Introduction to apoptosis

Apoptosis removes unwanted cells from an organism, including those generated in excess during the course of an immune response, as well as cells that are virus-infected or have sustained irreparable DNA damage. It is distinct from cell death due to injury (necrosis) in that it involves cell blebbing and controlled disintegration into apoptotic bodies which are then phagocytosed. Necrotic cells instead swell and burst, releasing inflammatory mediators into their immediate surroundings to cause the destruction of neighboring cells. Apoptosis is initiated through two main signaling pathways: the intrinsic and extrinsic pathway. The former is triggered when damage occurs within the cell and is mediated by mitochondrial responses. The latter is induced by unfavorable conditions in the extracellular environment. Intrinsic stresses include DNA damage, hypoxia, and withdrawal of survival factors, while external stresses encompass factors ranging from ligands (e.g., death ligands and FasL) to UV-B irradiation, γ-irradiation, reactive oxygen species, and various chemotherapeutic drugs. Dysregulated apoptosis is implicated in multiple disease states, including cancer, stroke, and Alzheimer’s disease.

Methods for studying apoptosis

Because many of the changes associated with apoptosis may also be seen during other cellular processes, researchers often run several apoptosis assays in parallel. One popular assay involves using fluorescently-labeled Annexin V to measure the lipid phosphatidylserine (PS) translocation from the inner to the outer plasma membrane by flow cytometry. An event typically occurs during early apoptosis. Another common strategy is to monitor the activation of the caspase cascade using fluorescently-labeled antibodies for techniques such as flow cytometry or high content imaging analysis. Apoptosis is also studied by assessing mitochondrial function, such as by detecting mitochondrial superoxide production (e.g., using Thermo Fisher Scientific’s MitoSOX™ Red Mitochondrial Superoxide Indicator) or analyzing of mitochondrial pore activation (e.g., with Abcam’s Mitochondrial Permeability Transition Pore Assay Kit). And by evaluating mitochondrial health (e.g., using a dye known as JC-1). Strategies for monitoring DNA fragmentation include terminal deoxynucleotidyl transferase dUTP nick end labeling (TUNEL) assays for detecting DNA breaks and analysis of chromatin condensation with products such as Enzo Life Sciences’ NUCLEAR-ID® Green Chromatin Condensation Detection Kit.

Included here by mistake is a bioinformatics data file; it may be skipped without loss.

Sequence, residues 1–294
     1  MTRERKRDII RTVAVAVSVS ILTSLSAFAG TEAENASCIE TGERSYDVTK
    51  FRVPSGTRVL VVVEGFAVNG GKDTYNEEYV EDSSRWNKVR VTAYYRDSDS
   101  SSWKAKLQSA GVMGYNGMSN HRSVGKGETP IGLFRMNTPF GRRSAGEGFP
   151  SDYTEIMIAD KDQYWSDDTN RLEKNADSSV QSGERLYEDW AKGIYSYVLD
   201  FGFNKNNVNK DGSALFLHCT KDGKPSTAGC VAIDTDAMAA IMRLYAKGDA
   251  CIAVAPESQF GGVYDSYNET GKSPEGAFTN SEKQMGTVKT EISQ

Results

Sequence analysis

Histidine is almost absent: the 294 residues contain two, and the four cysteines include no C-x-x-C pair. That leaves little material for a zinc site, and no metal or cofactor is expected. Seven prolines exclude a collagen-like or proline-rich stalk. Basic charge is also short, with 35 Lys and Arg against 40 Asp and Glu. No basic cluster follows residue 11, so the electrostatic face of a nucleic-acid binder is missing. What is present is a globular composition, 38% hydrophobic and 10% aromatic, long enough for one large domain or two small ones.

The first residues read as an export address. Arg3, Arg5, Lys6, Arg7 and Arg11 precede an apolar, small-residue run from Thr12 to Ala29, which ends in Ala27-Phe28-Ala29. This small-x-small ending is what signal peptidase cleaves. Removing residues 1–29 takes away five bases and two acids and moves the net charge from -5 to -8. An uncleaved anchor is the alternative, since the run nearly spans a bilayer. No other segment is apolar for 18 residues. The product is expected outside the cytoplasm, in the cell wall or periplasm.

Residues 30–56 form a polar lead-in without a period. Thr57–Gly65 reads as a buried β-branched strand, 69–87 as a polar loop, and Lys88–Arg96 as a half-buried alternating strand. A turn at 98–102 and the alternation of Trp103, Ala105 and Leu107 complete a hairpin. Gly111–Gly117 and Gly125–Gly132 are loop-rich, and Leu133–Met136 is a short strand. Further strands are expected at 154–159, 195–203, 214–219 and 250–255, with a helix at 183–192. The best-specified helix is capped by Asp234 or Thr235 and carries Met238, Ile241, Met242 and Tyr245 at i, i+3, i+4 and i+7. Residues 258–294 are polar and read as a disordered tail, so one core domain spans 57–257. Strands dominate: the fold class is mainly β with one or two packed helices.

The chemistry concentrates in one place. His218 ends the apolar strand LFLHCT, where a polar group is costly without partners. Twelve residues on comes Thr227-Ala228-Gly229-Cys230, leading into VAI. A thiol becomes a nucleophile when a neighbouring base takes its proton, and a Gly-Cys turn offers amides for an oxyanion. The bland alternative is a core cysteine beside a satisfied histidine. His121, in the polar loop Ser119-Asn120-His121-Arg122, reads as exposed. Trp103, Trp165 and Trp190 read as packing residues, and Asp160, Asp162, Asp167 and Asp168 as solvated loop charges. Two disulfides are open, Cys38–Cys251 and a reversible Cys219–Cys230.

Supporting cell cycle and apoptosis analysis

Assays used for analyzing the cell cycle and apoptosis typically produce fluorescent readouts that must often be detected alongside other key cellular parameters. Panel design is therefore critical to ensure accurate results – which is where FluoroFinder can help! Use our Spectra Viewer to quickly compare over 1000 fluorophores from all suppliers in one intuitive platform, including many of the dyes mentioned here, or turn to our Panel Builder to optimize your multiplexed experiments with the very latest fluorophore and antibody offerings across >60 suppliers.